As for his poetry, I’m not familiar enough with French verse to offer HSOs of my own so I’ll have to lean on others’ accounts. His poetry is technically impressive with difficult metres and rhyme schemes, and he was quite knowledgeable of the world of poetry past and present. It seems that his medieval university education did indeed take hold, despite his raucous lifestyle. His best-known work is the long poem Le Testament, which expresses his fears and laments his wasted youth. Let’s take a look at a selection from Le Testament, “Ballade des dames du temps jadis” (“Ballade of Ladies of Time Gone By”).

Dictes moy où, n’en quel pays,
Est Flora, la belle Romaine ;
Archipiada, ne Thaïs,
Qui fut sa cousine germaine;
Echo, parlant quand bruyt on maine
Dessus rivière ou sus estan,
Qui beauté eut trop plus qu’humaine?
Mais où sont les neiges d’antan!

Où est la très sage Heloïs,
Pour qui fut chastré et puis moyne
Pierre Esbaillart à Sainct-Denys?
Pour son amour eut cest essoyne.
Semblablement, où est la royne
Qui commanda que Buridan
Fust jetté en ung sac en Seine?
Mais où sont les neiges d’antan!

La royne Blanche comme ung lys,
Qui chantoit à voix de sereine;
Berthe au grand pied, Bietris, Allys;
Harembourges qui tint le Mayne,
Et Jehanne, la bonne Lorraine,
Qu’Anglois bruslerent à Rouen;
Où sont-ilz, Vierge souveraine ?
Mais où sont les neiges d’antan!

Prince, n’enquerez de sepmaine
Où elles sont, ne de cest an,
Qu’à ce refrain ne vous remaine:
Mais où sont les neiges d’antan!…

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Vingt-et-deuxième Ami: François Villon, “Ballade des dames du temps jadis”

Dans ABC of Reading, Ezra Pound a écrit qu’un homme ne peut pas comprendre la poésie s’il ne lit qu’une seule langue. Il a énuméré des auteurs importants pour le développement de la poésie anglaise et il a inclus quelques Français. En gardant ce point à l’esprit, j’ai pensé qu’il serait approprié de discuter d’un des poètes mentionnés par Pound comme étant importants pour la poésie anglaise. Nous allons donc rencontrer aujourd’hui François Villon.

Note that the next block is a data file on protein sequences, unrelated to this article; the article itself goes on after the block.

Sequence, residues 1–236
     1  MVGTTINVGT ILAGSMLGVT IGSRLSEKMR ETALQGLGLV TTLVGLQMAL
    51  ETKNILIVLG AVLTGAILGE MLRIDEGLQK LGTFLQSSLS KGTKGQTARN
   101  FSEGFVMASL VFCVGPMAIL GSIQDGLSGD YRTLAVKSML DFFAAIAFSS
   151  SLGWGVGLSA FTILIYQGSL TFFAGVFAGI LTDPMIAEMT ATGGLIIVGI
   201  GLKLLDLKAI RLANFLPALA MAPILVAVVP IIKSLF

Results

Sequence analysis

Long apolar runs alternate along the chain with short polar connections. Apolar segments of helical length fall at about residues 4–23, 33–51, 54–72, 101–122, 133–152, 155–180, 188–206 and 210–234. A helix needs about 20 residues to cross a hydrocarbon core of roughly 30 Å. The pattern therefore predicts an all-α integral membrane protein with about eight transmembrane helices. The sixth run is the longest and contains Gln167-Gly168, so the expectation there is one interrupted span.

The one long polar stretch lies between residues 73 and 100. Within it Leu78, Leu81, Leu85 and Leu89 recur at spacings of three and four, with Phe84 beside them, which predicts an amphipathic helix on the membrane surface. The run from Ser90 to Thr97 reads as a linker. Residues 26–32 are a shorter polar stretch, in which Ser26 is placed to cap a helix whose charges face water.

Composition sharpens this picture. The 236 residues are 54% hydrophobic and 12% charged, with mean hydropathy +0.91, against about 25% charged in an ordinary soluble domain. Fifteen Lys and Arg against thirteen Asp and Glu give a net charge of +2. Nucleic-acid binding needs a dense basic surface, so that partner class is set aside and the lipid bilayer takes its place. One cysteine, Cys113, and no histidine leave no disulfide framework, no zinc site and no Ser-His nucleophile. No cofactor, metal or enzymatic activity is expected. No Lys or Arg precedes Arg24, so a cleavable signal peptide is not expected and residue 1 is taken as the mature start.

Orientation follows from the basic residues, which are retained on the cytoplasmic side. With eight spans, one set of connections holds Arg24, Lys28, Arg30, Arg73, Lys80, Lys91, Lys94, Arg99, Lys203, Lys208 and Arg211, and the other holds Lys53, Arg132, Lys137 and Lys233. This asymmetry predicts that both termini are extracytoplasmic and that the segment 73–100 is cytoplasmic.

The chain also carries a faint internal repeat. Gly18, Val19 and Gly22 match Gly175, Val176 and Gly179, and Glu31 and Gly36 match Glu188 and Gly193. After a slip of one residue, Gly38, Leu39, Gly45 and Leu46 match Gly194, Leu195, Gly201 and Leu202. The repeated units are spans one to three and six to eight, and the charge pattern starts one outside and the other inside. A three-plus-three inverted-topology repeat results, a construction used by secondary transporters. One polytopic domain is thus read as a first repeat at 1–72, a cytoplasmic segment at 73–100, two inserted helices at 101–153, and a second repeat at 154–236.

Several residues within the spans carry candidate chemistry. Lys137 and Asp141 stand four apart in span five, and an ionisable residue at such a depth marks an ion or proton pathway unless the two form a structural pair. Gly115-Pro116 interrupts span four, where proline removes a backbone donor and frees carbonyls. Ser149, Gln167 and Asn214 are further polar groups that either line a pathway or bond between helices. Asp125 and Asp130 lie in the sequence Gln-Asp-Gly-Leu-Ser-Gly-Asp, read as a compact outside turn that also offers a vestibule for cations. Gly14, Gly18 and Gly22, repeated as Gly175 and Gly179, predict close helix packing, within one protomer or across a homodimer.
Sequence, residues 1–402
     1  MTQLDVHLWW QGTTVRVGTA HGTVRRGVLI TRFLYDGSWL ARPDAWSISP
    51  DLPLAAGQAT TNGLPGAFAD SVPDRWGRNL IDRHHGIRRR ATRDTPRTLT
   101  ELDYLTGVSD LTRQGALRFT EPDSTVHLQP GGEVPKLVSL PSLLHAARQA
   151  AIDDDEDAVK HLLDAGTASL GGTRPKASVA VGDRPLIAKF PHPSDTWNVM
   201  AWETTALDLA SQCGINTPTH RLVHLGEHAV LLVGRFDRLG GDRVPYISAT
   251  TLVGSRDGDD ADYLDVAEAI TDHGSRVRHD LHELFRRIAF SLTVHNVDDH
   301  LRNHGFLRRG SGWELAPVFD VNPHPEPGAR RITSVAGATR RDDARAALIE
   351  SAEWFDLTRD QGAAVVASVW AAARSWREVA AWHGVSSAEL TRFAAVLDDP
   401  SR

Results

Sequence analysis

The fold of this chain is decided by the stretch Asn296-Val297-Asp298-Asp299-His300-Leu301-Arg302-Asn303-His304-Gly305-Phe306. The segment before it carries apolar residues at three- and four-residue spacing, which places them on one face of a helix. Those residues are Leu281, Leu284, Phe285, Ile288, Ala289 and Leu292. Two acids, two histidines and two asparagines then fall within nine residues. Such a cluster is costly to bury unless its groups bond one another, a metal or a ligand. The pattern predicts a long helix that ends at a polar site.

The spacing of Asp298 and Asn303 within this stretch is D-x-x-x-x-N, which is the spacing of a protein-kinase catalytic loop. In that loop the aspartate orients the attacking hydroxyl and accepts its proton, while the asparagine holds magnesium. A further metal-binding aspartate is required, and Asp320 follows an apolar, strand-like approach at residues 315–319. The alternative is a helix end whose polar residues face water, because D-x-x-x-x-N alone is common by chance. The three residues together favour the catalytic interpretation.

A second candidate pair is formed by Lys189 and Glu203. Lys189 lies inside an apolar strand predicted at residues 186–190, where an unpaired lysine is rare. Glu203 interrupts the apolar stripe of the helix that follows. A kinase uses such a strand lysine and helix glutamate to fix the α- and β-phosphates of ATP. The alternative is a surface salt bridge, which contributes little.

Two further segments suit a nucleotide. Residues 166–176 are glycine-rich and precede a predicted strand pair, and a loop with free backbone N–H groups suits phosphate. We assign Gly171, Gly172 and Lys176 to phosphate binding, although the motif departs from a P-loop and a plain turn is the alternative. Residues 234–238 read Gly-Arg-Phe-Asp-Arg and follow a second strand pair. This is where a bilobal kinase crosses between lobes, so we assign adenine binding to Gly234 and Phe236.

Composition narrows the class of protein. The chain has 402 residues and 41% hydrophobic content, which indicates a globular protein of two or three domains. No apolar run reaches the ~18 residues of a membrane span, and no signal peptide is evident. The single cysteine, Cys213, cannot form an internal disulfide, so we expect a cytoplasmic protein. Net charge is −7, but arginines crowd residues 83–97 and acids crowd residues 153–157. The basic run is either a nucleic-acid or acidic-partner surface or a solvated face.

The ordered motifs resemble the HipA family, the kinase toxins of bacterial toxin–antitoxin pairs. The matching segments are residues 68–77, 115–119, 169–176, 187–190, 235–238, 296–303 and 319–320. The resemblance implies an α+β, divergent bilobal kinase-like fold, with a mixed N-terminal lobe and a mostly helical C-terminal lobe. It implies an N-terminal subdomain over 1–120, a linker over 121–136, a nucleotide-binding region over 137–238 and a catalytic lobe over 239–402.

François Villon c’est un pseudonyme de François de Montcorbier ou François des Loges, qui est né à Paris en 1431. Sa vie était très intéressante, alors il vaut la peine de lire au moins un article à son sujet, mais, brièvement, il passa une grande partie de sa vie en prison et au bannissement pour des crimes comme le brigandage et l’assassinat d’un prêtre lors d’une bagarre.  La dernière chose que nous savons de lui, en janvier 1463, il a était condamnés à mort pour sa part dans une bagarre, mais cette peine a été commuée en bannissement à Paris par le Parlement. Le reste de sa vie est inconnu.

Quant à sa poésie, je ne connais pas très bien le vers français, je devrai donc me fier aux descriptions des autres. Sa poésie est techniquement impressionnante, avec des compteurs et des schémas de rimes difficiles. Il semble que ses études universitaires médiévales se soient effectivement établies malgré sa vie de bohème. Son œuvre la plus connue est le long poème Le Testament, qui exprime ses peurs et déplore sa jeunesse perdue. Jetons un coup d’oeil à une sélection du Testament, “Ballade des dames du temps jadis”.

Dictes moy où, n’en quel pays,
Est Flora, la belle Romaine ;
Archipiada, ne Thaïs,
Qui fut sa cousine germaine;
Echo, parlant quand bruyt on maine
Dessus rivière ou sus estan,
Qui beauté eut trop plus qu’humaine?
Mais où sont les neiges d’antan!

Où est la très sage Heloïs,
Pour qui fut chastré et puis moyne
Pierre Esbaillart à Sainct-Denys?
Pour son amour eut cest essoyne.
Semblablement, où est la royne
Qui commanda que Buridan
Fust jetté en ung sac en Seine?
Mais où sont les neiges d’antan!

La royne Blanche comme ung lys,
Qui chantoit à voix de sereine;
Berthe au grand pied, Bietris, Allys;
Harembourges qui tint le Mayne,
Et Jehanne, la bonne Lorraine,
Qu’Anglois bruslerent à Rouen;
Où sont-ilz, Vierge souveraine ?
Mais où sont les neiges d’antan!

Prince, n’enquerez de sepmaine
Où elles sont, ne de cest an,
Qu’à ce refrain ne vous remaine:
Mais où sont les neiges d’antan!

C’est excellent et j’aime beaucoup la ligne “Mais où sont les neiges d’antan!” L’image de la neige fonctionne bien car elle est belle tant qu’elle dure, mais bien sûr, elle ne dure pas très longtemps. La ligne “La royne blanche comme un lys” est astucieux. Ce poème est aussi une longueur parfaite, assez long pour qu’il cite plusieurs exemples de femmes célèbres du passé (et gardez à l’esprit, un thème du Le Testament est la mort et la vieillesse) et donne son point être ennuyeux.…